Analysts Read Between the Lines of RIM, Microsoft Licensing Deal

Microsoft and Research In Motion have reportedly inked a licensing deal in which RIM gets access to Microsoft’s exFAT (extended file allocation table) technology, which will allow certain RIM devices to more easily transfer large files from PCs.

For RIM and Microsoft watchers, the technological advantages the agreement will bring — and additional cash flow, in the case of Microsoft — are almost beside the point. Could this be the first step in an acquisition dance? Or is it a defense play in an environment where clear rights to a patent are almost better than cash in the bank?

Microsoft on the Defensive

“I think this assures Microsoft should someone — read Google — acquire RIM, they can’t use RIM’s patents against any of Microsoft’s customers,” said Rob Enderle, principal of the Enderle Group.

The licensing agreement also signals that Microsoft is likely not vying to acquire RIM, he told the E-Commerce Times. Instead, it suggests Microsoft is more interested in using patents defensively than offensively.

“If it were going offensive, they would either buy RIM or the patents — and then license them back to RIM,” Enderle reasoned.

On the other hand, this could be the start of a greater alliance between RIM and Microsoft that possibly could lead to an acquisition, suggested Scott Rosenberg, CEO and founder of Miro Consulting.

“RIM still has a devoted corporate user base that would fit well with other Microsoft products and offerings,” he told the E-Commerce Times.

In Defense of RIM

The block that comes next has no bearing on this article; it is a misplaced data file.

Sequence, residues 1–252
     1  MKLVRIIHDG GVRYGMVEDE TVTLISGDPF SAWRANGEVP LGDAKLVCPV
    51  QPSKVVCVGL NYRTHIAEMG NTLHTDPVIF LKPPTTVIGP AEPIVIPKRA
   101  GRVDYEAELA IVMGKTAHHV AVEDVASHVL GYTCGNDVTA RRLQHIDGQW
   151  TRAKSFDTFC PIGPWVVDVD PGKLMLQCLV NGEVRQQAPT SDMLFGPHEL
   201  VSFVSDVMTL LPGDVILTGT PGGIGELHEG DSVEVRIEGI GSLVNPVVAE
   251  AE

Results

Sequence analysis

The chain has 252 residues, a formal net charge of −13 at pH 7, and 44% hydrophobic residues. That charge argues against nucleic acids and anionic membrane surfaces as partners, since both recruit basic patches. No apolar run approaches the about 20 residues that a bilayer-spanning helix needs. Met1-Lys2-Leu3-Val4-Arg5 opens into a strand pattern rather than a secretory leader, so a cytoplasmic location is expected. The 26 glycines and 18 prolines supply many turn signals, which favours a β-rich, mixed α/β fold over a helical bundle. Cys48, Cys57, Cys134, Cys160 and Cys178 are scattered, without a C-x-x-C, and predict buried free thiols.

Then there is the obvious: RIM is licensing the technology because it needs to.

RIM was likely at risk of infringing Microsoft’s exFAT intellectual property with its forthcoming BlackBerry 10 operating system, speculated Barry Randall, principal with Crabtree Asset Management.

“Interestingly, the exFAT intellectual property that Microsoft licensed to RIM isn’t specifically patented,” he told the E-Commerce Times. “However, a patent has been applied for, and Microsoft owns enough patents in the technological vicinity of exFAT that it was likely that RIM would eventually be utilizing Microsoft’s patented technology. Thus, it made sense to just get the royalty payment discussion out of the way sooner rather than later.”

An acquisition is unlikely for several reasons, in Randall’s view. One, the technology in question is not strategic to either company — or even that important to the mobile industry.

“Current-generation smartphones like the iPhone and Android devices typically utilize flash memory as their primary memory for storage of downloaded applications and user-entered data,” he said. “exFAT is simply a popular file system designed specifically with flash memory.”

A No-Excuses OS

What is telling about the deal, said Randall, is that it illustrates RIM’s determination to make a success of BlackBerry 10. The mobile operating system is expected to be available on RIM’s devices by early 2013.

“Only by having a no-excuses mobile OS that meets and hopefully exceeds the user experience offered by competitors like Apple and Samsung can RIM re-establish itself as a credible player, Randall said. “Licensing exFAT is simply part of that effort and has no greater meaning.”

Microsoft and RIM did not respond to our requests to comment for this story.

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